Topological Robustness and Vulnerability Assessment of Water Distribution Networks

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The reliability of a water distribution network (WDN) is a function of several time-invariant and time-dependent factors affecting its components and connectivity, most important of which have been shown to be the network’s topology, its operating pressure, the type of key components (such as the diameter, length, material and age of water pipes) and the network’s historical performance (such as the number of previously observed failures in the network). In terms of network topology, this attribute even though generally thought as time-invariant it actually is time-dependent, as the paths in a water distribution network change over time based on the hydraulics in the network (water demand and water pressure/flow alter the way water flows in the piping network). The work described herein examines the time-dependent nature of a WDN topology and by means of a betweenness centrality index (BC) method demonstrates the effect of topology on the network’s vulnerability / reliability. The importance of the betweenness centrality index is demonstrated by use of a case-study water distribution network operated under both normal and abnormal conditions. The proposed method is also coupled with spatial mapping to indicate areas of concern in the network, and with a decision support system to assist in prioritizing actions to improve on the network’s robustness and resilience.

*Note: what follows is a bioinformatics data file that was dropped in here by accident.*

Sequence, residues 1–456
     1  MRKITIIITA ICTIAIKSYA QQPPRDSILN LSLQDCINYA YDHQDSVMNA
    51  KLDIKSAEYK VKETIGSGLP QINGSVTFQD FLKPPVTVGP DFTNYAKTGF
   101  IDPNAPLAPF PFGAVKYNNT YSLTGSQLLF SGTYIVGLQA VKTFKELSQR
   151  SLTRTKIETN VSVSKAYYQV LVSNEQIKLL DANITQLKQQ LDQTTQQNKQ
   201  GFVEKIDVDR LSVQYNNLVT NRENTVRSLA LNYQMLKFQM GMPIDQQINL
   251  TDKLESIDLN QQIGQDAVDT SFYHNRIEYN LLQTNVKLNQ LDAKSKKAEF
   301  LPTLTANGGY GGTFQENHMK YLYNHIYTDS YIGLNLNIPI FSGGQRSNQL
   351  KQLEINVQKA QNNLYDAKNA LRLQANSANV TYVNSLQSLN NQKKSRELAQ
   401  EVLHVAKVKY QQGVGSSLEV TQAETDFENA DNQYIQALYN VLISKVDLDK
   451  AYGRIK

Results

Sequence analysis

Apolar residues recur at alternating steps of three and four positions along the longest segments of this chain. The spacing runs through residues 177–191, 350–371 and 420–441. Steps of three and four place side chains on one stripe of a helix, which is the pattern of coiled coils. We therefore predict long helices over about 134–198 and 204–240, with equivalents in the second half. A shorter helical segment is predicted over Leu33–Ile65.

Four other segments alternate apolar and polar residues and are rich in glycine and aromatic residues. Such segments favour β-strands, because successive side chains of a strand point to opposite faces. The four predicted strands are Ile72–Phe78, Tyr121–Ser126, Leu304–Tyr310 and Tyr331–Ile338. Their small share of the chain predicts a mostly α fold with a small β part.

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Correspondence to Symeon E. Christodoulou.

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Agathokleous, A., Christodoulou, C. & Christodoulou, S.E. Topological Robustness and Vulnerability Assessment of Water Distribution Networks. Water Resour Manage 31, 4007–4021 (2017).

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  • Water distribution networks
  • Vulnerability
  • Topological robustness
  • Betweenness centrality